Janet: And she might not have even gotten there until halfway through the school year.
Janet: Also don’t expect students to just be like, come up with these really amazing questions.
Tim: Yeah. Again, it’s a process that we’re working toward. You’re not beginning with your answer. Like you’re working toward your answer. That’s fine.
Janet: Right. Exactly. Exactly.
Tim: Let me ask you, too. I’m just thinking, as we’re talking about developing questions, I’m just thinking about how I always have my kids develop work. Which is brainstorming and then sketches and then composition and then color scheme. And then we get into the work. Do you have a specific process that you have kids work through or a type of development that you have them work through?
Janet: Well, there’s a couple strategies that I try. I’d want to say, I say, “Oh, this is the way I structure it.” Because it often changes. I’m pretty flexible if something doesn’t fit or doesn’t fit for all. I’m changing.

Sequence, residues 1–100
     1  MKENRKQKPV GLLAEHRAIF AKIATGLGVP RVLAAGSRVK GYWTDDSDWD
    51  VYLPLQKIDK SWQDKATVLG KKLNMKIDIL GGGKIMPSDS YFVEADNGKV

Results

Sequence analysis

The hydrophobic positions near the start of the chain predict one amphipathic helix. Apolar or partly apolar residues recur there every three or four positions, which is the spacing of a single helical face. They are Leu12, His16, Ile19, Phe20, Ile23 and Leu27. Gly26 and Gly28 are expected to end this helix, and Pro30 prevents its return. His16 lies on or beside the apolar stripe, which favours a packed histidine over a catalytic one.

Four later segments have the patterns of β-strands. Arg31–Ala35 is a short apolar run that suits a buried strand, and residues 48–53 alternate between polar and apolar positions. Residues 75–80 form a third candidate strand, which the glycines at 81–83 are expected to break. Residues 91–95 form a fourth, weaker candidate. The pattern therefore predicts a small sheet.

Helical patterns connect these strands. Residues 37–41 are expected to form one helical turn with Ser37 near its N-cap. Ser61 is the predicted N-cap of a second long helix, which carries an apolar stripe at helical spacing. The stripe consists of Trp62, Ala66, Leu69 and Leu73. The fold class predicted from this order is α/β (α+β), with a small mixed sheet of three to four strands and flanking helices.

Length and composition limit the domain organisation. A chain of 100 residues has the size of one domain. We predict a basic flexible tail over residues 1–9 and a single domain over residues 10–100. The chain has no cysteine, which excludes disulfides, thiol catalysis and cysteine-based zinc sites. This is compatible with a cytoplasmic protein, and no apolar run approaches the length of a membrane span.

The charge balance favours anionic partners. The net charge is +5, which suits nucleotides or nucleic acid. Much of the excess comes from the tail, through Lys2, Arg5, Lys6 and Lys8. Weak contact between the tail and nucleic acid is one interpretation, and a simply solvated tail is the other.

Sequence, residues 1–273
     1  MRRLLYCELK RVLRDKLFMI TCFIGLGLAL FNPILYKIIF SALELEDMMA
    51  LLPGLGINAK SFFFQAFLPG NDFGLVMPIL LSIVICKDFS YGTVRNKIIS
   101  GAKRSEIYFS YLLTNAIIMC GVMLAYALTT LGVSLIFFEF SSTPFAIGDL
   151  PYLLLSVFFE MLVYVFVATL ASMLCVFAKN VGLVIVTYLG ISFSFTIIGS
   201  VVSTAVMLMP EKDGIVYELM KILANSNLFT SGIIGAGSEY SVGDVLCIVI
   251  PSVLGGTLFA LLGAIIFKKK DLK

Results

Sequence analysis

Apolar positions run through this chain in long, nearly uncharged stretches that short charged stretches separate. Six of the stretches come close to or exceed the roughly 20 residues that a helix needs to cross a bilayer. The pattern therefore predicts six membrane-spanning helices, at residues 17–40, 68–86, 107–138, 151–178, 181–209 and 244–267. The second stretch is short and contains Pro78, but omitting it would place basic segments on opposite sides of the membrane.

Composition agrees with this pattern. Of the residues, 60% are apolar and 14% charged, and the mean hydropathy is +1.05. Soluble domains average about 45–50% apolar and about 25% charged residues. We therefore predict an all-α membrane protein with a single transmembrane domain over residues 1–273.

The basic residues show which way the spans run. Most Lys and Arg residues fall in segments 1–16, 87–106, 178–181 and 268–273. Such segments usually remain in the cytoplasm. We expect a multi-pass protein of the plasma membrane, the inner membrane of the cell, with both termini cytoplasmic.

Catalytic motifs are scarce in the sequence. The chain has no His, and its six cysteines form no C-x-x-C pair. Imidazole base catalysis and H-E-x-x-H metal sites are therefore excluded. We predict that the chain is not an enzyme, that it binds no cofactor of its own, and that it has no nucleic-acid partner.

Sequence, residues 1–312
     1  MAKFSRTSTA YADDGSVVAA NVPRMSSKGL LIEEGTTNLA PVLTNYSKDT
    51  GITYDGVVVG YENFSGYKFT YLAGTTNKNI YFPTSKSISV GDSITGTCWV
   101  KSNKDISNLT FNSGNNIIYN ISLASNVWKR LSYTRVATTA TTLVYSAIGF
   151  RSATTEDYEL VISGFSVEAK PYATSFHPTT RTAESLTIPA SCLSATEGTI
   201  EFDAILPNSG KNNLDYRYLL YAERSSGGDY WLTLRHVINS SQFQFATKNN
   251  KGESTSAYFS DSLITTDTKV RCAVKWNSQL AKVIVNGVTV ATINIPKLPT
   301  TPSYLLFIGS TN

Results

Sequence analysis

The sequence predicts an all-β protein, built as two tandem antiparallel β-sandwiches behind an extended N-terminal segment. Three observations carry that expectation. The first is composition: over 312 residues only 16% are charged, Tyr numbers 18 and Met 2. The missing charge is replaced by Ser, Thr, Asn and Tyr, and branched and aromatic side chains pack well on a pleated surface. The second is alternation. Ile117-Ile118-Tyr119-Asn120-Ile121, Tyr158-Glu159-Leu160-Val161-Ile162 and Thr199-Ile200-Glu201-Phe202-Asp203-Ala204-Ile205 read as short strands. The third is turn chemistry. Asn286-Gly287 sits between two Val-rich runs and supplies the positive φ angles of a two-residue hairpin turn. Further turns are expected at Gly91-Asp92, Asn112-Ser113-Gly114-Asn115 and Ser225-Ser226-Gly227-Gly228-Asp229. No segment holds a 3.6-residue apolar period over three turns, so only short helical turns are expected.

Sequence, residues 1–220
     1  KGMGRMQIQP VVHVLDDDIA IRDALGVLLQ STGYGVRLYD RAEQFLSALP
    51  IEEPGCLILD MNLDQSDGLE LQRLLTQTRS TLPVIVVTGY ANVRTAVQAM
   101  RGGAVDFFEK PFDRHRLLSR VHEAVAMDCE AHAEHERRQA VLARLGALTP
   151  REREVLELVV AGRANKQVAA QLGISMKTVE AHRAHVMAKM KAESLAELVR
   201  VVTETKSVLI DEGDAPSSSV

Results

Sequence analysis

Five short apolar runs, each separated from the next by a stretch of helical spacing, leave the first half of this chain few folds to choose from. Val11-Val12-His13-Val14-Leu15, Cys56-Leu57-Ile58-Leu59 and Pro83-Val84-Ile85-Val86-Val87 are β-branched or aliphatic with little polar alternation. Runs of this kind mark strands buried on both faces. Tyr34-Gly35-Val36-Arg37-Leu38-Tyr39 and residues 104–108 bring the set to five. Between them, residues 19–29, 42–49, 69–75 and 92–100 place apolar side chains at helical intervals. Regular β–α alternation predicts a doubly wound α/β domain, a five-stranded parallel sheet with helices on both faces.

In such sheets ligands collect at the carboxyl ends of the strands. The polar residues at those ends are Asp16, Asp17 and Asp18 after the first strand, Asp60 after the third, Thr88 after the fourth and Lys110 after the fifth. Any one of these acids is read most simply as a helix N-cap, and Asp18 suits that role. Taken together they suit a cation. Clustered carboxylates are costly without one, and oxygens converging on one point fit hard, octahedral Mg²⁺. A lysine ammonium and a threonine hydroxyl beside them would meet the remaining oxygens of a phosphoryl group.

I like to give them a lot of different ways of approaching it so that they can find what works for them, because that’s what this portfolio is about. Right? Is showing their thinking and decision making.
Janet: One way I do is that having the students thumbnail a storyboard, right? Storyboards are really great, because it helps us generate ideas, but it also helps us put it down into a visual format.
It might be like writing down a question under each box. Maybe I have them do six boxes. Maybe I have them do 15. It depends on where we are in the process. Usually it’s either at the beginning … I like to do these things in the beginning, also in the middle. Because I think we lose our direction a lot of times. We’re so in the bubble of working. And then I also have them, if I have time, I will have them do like a mini investigation. That’s lower risk. Right? It might give a real simple prompt, but that maybe I can give three options. And so, I know that I’ll have group of kids that will explore that particular option.